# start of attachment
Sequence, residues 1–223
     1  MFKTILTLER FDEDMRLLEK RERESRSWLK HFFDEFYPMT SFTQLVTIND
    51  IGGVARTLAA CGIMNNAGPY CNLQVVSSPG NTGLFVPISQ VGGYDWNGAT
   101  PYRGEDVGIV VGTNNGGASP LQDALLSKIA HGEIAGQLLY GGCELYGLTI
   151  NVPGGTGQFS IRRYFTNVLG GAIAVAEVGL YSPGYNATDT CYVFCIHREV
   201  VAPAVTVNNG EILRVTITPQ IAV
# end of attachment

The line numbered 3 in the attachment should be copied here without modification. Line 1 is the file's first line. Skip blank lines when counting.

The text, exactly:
    51  IGGVARTLAA CGIMNNAGPY CNLQVVSSPG NTGLFVPISQ VGGYDWNGAT